Hey there! I learn the love for cooking because of my father too. I completly understand that “always something that would make the whole house smell delicious” thing. So i decided to celebrate him with this recipy. I just have one question: here in Venezuela we don´t have berry beer. What can i use instead? Thanks a lot!

Cynthia from Venezuela

For those of you not familiar with the lambic she mentions, it’s very heavily fruit flavored and pretty sweet. Not really comparable with slightly fruity beers (I recall some kind of apricot beer, perhaps by Pyramid, which is more apricot-scented than flavored), it’s more like thick fruit juice (similar to the concentration of Pom pomegranate juice), with a bit of beer for fizz and distraction. I would estimate that substituting half beer/half potent juice would do admirably.


this sounds amazing. i am a bartender, and serve lindeman’s frambois so much that i unfortunately lost my love for it. for those of you that are looking for a way to cut some sweetness (or just the lambic) i am going to try this recipe with rogue brewing’s chipotle ale. it has a nice smoky flavor that i think will do just fine.

zoe maya

What an awfully sweet post!


My husband will LOVE these beans. I’m going to make them for his lunches next week.


I love baked beans, but I am the only one in the house that will eat them. Do you think this is something you could freeze in smaller portions??


Yummy! Sounds like a perfect dinner for Saturday. Thank you for sharing 🙂


I’ve only experimented with Indian lentils before…this sounds really amazing. The leftover seem like they would be good on toast with a side of grits…or scrambled with tofu or eggs. Thanks!


Such a fabulous (and lovely) recipe dedication to your dad!! :0)


Lovely tribute to your Dad and this is a great idea, I will give it a shot with ginger beer! Dark and stormy beans… sounds great.

Blushing Hostess

YUM. I think I’ll try this with Long Trail Blackberry Wheat (; it’s a great local Vermont brew! I’m also considering Magic Hat #9, for an apricot-flavored spin on things…


Sounds like your dad is a lot like my dad. Superman pot scrubber. 🙂


Wow. Baked beans have always been a turnoff for me (I always think of them sort of like natto, which I know is an unfair comparison), but I think you’ve just converted me.
@Archer: That blueberry wheat was better than good, if you can’t remember it!


This sounds great. But it seems like using a non-Lambic berry beer here would significantly change the flavor profile. Lambics have a pretty high acid content (for a beer), which probably helps balance out the sweetness from the molasses. Although Lindenmans is on the sweet end of the spectrum for Lambics.
In any case, it looks really good.


Leinenkugel’s Berryweis is the BEST berry beer around!! I’m gonna try this recipe with that!


This is a recipe I sure could make to please most of the men I know! 😉 I’m always having a hit with beer bread, so I’m sure this would also be a success.
Around here, we have a beer that is called “Éphémère aux framboises”, a very good raspberry beer (or so I hear, I don’t really like beer! ;)) that would be perfect for this. There is also an “Éphémère aux pommes” (apple beer), wich would surely be great too, and would maybe lend itself to a little cinnamon along the way (altough I’m not sure if it would be that good with the Dijon mustard, but I’ll experiment!).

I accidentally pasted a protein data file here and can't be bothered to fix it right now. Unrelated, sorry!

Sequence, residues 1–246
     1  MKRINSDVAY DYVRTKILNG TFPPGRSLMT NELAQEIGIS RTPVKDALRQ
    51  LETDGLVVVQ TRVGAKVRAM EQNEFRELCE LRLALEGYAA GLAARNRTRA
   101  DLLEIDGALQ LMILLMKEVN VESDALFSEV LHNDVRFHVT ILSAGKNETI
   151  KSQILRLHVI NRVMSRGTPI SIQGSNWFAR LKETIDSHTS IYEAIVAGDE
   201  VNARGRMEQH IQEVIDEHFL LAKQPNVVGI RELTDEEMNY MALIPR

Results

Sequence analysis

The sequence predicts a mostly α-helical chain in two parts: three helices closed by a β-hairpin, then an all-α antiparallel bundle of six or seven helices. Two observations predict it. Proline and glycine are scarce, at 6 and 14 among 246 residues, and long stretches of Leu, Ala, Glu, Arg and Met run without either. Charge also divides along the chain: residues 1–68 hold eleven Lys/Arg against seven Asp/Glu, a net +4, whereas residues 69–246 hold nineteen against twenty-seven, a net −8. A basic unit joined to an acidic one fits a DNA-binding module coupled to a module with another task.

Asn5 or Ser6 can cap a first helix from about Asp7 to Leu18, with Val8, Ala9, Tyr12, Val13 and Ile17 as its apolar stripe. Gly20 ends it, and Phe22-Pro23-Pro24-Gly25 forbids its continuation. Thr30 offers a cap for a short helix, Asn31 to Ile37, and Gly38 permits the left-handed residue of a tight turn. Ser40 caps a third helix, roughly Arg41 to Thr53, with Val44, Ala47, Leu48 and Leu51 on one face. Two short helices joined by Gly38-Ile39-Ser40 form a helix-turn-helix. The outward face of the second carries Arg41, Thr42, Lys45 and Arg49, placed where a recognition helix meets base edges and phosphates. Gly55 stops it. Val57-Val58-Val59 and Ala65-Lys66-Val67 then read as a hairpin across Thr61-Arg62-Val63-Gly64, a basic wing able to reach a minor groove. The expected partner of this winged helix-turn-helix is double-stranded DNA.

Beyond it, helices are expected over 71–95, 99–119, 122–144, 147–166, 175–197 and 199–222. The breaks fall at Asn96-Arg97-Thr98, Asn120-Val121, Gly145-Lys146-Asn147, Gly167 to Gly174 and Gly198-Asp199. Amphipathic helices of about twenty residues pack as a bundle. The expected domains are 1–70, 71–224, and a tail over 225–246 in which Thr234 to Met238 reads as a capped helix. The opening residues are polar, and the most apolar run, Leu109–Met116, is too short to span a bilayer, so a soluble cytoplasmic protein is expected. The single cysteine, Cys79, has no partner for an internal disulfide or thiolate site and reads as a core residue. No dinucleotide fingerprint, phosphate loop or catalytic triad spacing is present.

I like it when I see a recipe wich inspire me to try it, and then to try and make it my own…


Aaah, lovely sentiments evoking wonderful smells. Plus, the recipe looks amazing! I’ll have to adjust for gluten-free beer, but I’ll just add more dried berries. Right? It’s worth a try. Sounds too good not to play with.


I think it’s high time I make baked beans, and this recipe looks wonderful. It’s a New England classic (I live in Beantown, after all), but I like this spin. BTW, @ Twig – I made the brussels sprouts just last night and I think I converted my sprout hating roommate!


Berry beer? i’ve never heard of such a thing (though it sounds delicious) – especially with molasses and beans. Yum!
Does this preclude adding bacon to the beans? Would that be a nasty combo?


Sprecher’s (I’m in Wisconsin) makes an incredible Raspberry Ale that would be amazing in these!


I find myself cooking with beans a lot lately, but have been concentrating on Indian (with lentils) and Italian bean dishes, so this would be a fun change. Sounds very flavorful and easy to make!
Kimi @

Kimi @ The Nourishing Gourmet

I love cooking with Lindenmans Framboise Lambic, it is so versatile and reminds me of a balsamic or berry vinegar. Yet another great idea from you Heidi!


Looks fantastic. I pass the name of your website around to a lot of people — your brussels sprouts recipe has been very successful among my friends. Thanks : )


Looks delicious!! I don’t have a cast iron pot though, will a normal copper-bottomed pot work? thanks!

Tabitha (From Single to Married)

I’m sooo making this for my husband this weekend! Food with beer? Can’t beat it!

Fit Bottomed Girls

Oh my. I am making beans this weekend. I’m thinking a raspberry wheat would be good- soemthing like Abita Purple Haze or the raspberry from Kalamazoo Brewing. I was at a micro brewery in OshKosh, WI this summer that had a FANTASTIC blueberry wheat, but I can’t for the life of me remember the name of the brew or the brewery! What I do remember is a frosty pint glass of hazy purple-ish beer with a handfull of frozen blueberries thrown in. Heaven on a hot summer day!


Sounds delicious. And I love the note to dad.